Named to the Hussars in 1882, Prince Wilhelm became a battalion commander in the 1st Foot Guards the following year, and in 1885 was being touted by his circle of toadying subordinates as a second Frederick the Great. The Iron Chancellor’s son, Prince Herbert von Bismarck, called him “Cold as a dog’s nose…heartless, superficial and vain,” a characterization shared by his own mother, and a reputation that seemed to be borne out over succeeding decades as he disposed of both friends and ministers one by one.
Unfortunately for history’s sake, his paternal grandfather forbade him to take a desired tour of British India, China, Australia, and the United States; had he been allowed to do so, he might have hesitated still more before becoming engaged in the First World War. On Jan. 27, 1888 instead, the aged Kaiser promoted his grandson to the rank of Major General, and, according to one of his more recent biographers, Giles Macdonough, “By 1898, William possessed three Austro-Hungarian regiments, three Russian, one British and one Portuguese; he was also an Admiral in the British, Swedish, and Danish Navies.
“Two whole rooms housed his uniforms. There were 300 German regimental uniforms alone, and that did not include colonelcies and Field Marshals’ kits from other countries, which he wore to receive guests on state visits,” as noted in The Last Kaiser, a superb work.
At the deaths of both his father and grandfather in 1888, Wilhelm became Kaiser at the age of 29, when his military household totaled 20 officers, which doubled by the final year of his reign, 1918.
States Macdonough, “The key positions were those of military and naval cabinet chiefs (the naval office was created only in 1889.) All of these reported to the Emperor alone, including his Chief of the General Staff.” Most of these officers were of the age-group of his father’s generation, and one---Army Gen. Hans von Plessen---had served all during 1864-1918 under all three Kaisers, from Wilhelm to William.
By 1890, however, former Wilhelm fan von Waldersee sourly noted that “His Majesty no longer has the slightest desire to work,” preferring constant travel, speechmaking, ribbon-cutting, reviews of parades and hunting instead. During 1886-1914, the Kaiser had five Imperial yachts in all, a train that shunted back and forth across Continental Europe, and a fleet of expensive Daimler and Benz touring cars.
Meanwhile, his Imperial Army consisted of 18 corps and a 30,000-man personal Guard (of which not a single member could be found in 1918 to protect him from Red revolutionaries as the Great War was lost.) Constantly afraid of the Red revolution that did, in fact, erupt, the Kaiser talked of having loopholes drilled in to the walls of his Berlin Palace to shoot down Socialists and others inimical to his rule. When it came in 1918, he was more than ready to personally lead the Army back from the defeat on the Western Front, only to be told by all his responsible ministers and generals that the Army would no longer follow him.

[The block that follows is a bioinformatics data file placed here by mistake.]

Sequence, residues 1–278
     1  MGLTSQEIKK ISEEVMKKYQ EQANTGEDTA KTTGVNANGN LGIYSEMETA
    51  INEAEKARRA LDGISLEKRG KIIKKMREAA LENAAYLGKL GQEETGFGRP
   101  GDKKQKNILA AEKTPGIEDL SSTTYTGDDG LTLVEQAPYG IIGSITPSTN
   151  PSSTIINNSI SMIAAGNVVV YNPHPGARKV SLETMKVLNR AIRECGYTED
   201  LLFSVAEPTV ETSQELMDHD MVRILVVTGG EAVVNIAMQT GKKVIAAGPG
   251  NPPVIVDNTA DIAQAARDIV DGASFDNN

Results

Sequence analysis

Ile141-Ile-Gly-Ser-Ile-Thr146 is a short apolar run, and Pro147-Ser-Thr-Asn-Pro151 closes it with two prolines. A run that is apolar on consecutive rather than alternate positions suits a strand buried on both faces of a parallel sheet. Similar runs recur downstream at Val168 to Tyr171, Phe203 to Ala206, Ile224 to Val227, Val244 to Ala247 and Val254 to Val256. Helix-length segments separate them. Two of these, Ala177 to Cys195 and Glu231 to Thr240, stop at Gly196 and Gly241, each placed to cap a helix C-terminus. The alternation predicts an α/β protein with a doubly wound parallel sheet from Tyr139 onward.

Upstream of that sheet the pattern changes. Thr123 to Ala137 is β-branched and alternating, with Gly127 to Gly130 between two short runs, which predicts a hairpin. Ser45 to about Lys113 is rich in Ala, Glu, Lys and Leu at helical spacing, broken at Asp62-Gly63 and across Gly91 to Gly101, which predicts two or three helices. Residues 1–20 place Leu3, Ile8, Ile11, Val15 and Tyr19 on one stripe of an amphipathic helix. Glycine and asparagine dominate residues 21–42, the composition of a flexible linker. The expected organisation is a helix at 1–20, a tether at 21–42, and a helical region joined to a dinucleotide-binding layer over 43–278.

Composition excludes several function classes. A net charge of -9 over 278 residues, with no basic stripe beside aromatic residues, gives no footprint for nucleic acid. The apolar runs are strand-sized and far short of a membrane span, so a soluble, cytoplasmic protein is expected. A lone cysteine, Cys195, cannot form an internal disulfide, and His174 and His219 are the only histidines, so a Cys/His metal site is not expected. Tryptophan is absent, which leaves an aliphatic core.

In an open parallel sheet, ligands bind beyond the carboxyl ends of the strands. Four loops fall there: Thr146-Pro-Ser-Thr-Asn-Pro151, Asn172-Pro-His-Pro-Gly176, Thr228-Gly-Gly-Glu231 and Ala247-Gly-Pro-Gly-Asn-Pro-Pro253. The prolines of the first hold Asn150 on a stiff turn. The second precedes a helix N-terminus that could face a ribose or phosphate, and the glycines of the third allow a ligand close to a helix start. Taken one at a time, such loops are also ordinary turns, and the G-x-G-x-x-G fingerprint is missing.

No one ever accused Wilhelm II of personal cowardice, though, and the unkindest cut of all came when the sailors of his own creation---the Imperial High Seas Battle Fleet---mutinied in their home ports and refused to make suicidal final sorties against the Royal Navy at war’s end.
His diplomacy has been roundly criticized by most historians, yet his two trips to Istanbul helped bring Turkey into the war as a German ally and then maintain her in the Central Powers alliance until the very end. If Wilhelm II is deserving of blame, he also must be given at least some of the credit for Germany’s successful war effort up until the crucial crisis year of 1918, and the Second Reich’s great domestic growth as well.
The man who thought that the best briefing was the shortest, believed that the Great War would inevitably come in 1916, not earlier as it did; he hoped instead to put it off until 1920, when he felt that his fleet would be built up enough to serve as a valid deterrent to that of his English cousins. At the Imperial War Council of Dec. 8, 1912---an event that some historians cite as “proof” that the Kaiser “plotted” the outbreak of the war---he was told by his military advisors that at all costs he must delay it until the summer of 1914, when the Kiel Canal would be finished, giving the Reich an internal opening by water to the North Sea.
Meanwhile, his generals and courtiers were becoming more and more aware that their Sovereign was not a man of decisiveness and resolve, no matter what the bellicose tenor of his public utterances. “When the situation gets critical,” said one (as noted in The Last Kaiser), “His Majesty can’t see it through.”
When war finally came, despite his protestations of ultimate victory, Wilhelm privately believed that it would be the ruination of his own reign and dynastic House as well. Thereafter, he shunted back and forth to his and the High Command’s various headquarters on both the Eastern and Western Fronts in his ornate cream-and-gold Imperial train attending briefings, inspecting troops, and handing out batches of Iron Crosses.